After enduring Nazi horrors, fleeing their homelands, and struggling to make new lives in America, the survivors’ plights grows more serious, advocates say, as they age and require increased medical care, money for basic living needs, and other assistance.
"It's very tough. It's very tough." 75-year-old Jose Urbach told the Wall Street Journal.
Urbach lives in lower Manhattan, where he and his wife moved after the war. He became an award-winning artist and project manager, but lost his job at age 62 following the September 11, 2001, terrorist attacks, which also caused him to begin having nightmares, the paper reported.
He has battled prostate cancer, and sometimes has to borrow money for food and medical bills. Survivors like Urbach "live close to desperation," the UJA-Federation of New York says.
Now, a coalition of groups led by the nonprofit Survivor Initiative is trying to get $1.5 million from the City Council to help Urbach and other survivors who are most in need, including those who lived through 9/11 or 2012's Superstorm Sandy.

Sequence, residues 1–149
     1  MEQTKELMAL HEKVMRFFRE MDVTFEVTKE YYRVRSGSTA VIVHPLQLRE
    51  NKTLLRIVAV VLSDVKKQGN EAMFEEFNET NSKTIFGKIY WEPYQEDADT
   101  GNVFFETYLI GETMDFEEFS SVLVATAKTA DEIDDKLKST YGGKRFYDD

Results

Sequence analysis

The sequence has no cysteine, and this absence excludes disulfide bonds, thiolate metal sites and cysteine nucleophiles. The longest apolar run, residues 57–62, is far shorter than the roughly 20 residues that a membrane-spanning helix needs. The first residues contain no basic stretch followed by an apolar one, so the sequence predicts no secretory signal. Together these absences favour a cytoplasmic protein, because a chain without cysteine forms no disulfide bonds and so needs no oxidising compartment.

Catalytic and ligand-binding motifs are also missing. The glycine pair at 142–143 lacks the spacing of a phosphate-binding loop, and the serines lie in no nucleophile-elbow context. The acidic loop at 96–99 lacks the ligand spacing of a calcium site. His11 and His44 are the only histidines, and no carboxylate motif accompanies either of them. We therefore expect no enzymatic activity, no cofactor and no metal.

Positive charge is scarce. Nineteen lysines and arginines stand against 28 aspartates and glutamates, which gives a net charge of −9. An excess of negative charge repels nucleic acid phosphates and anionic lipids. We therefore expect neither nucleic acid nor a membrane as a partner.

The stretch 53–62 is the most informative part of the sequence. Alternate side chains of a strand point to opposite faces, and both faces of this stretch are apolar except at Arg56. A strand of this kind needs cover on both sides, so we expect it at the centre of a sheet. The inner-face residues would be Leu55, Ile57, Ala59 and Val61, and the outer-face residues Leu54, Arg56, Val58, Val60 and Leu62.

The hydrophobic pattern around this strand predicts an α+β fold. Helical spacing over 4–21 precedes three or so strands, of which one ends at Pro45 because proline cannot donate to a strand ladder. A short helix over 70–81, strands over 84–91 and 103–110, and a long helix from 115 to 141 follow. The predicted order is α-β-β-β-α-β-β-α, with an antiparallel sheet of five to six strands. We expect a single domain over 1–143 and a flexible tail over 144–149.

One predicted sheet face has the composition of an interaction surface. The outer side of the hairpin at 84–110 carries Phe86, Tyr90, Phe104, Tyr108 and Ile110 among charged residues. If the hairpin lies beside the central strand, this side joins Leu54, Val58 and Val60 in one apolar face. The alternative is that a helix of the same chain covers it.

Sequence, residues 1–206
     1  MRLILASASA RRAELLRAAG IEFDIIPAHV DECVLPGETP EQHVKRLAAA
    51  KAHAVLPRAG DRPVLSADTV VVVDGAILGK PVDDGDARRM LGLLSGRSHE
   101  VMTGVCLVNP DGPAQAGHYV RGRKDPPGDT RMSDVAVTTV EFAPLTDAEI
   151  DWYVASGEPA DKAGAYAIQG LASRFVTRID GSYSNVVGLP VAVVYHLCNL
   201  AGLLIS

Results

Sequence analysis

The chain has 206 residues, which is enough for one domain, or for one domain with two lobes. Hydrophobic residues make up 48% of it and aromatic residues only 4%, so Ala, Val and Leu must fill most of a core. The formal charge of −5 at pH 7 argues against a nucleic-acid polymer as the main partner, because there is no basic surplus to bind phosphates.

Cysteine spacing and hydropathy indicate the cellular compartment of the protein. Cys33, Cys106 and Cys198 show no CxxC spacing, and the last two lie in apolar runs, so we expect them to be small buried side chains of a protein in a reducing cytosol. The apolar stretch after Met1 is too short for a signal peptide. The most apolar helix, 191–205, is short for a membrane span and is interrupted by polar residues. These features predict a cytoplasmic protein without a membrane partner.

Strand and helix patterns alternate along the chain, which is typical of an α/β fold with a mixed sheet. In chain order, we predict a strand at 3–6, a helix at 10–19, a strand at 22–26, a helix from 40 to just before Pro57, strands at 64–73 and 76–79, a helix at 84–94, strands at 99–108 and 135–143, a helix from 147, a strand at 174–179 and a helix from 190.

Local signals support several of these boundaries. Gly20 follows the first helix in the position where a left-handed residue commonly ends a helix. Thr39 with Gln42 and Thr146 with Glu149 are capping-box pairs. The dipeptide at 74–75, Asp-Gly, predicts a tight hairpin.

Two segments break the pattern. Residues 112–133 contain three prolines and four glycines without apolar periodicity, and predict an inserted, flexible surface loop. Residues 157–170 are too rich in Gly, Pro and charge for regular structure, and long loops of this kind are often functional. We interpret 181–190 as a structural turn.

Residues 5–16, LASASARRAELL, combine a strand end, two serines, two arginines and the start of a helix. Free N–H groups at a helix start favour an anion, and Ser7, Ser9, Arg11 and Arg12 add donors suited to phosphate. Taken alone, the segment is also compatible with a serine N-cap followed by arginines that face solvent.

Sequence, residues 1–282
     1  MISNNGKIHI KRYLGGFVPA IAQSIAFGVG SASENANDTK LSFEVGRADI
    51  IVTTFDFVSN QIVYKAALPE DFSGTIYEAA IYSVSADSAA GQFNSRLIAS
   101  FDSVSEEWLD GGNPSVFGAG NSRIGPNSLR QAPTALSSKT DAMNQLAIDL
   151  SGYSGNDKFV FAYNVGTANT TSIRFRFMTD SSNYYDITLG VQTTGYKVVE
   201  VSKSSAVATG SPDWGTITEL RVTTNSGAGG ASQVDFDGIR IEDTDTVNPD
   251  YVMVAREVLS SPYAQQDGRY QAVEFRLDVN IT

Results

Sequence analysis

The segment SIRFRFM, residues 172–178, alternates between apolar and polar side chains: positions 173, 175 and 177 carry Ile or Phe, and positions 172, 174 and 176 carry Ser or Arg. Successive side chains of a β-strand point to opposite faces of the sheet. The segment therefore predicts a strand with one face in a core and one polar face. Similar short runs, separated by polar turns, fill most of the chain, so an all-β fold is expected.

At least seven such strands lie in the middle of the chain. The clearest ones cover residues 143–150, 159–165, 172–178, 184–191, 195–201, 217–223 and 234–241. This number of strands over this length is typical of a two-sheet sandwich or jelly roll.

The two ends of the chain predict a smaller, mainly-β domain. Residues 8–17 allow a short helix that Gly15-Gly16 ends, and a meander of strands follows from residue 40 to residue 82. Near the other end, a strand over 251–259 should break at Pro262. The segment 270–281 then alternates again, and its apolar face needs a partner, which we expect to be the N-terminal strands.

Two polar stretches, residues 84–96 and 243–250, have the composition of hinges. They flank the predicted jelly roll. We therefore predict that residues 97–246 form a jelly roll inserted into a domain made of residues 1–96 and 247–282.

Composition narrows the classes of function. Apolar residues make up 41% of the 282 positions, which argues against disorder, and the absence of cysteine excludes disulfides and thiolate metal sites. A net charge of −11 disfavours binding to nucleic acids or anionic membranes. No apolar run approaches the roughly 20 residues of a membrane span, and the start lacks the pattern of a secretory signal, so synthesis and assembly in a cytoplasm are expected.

The situation is urgent, said Meredith Burak of the Survivor Initiative.
"It's not something we can look back and say, 'We can help them in the future,' because we can't," she told the Journal. She acknowledged that the money "would be a drop in the bucket. The problem is massive. But it certainly would be helpful."
A Selfhelp report updated in 2013 predicts that nearly 24,000 survivors will be living in the New York area in the year 2025 and that 35% of them will be dealing with serious or chronic illnesses, many linked to the poor living conditions and torture they endured from the Nazis, per the Journal.
"We need to really help make the burden a little lighter for these people in the last years of their lives," said Elihu Kover, of Selfhelp, a nonprofit group that assists Holocaust survivors.
From 2005 to 2008, the city provided some funding specifically for Holocaust survivor services, but it was eliminated during the economic downturn.
Some survivors are waiting to return to their apartments after being forced to leave following Superstorm Sandy, while others died while living with family. Others, still, have no one to turn to because family networks were wiped out by the Holocaust.
"We can’t undo the horrors of the war,” said City Council member Mark Levine. "But we can do a small but important thing, which is help this heroic generation live out its final years in dignity."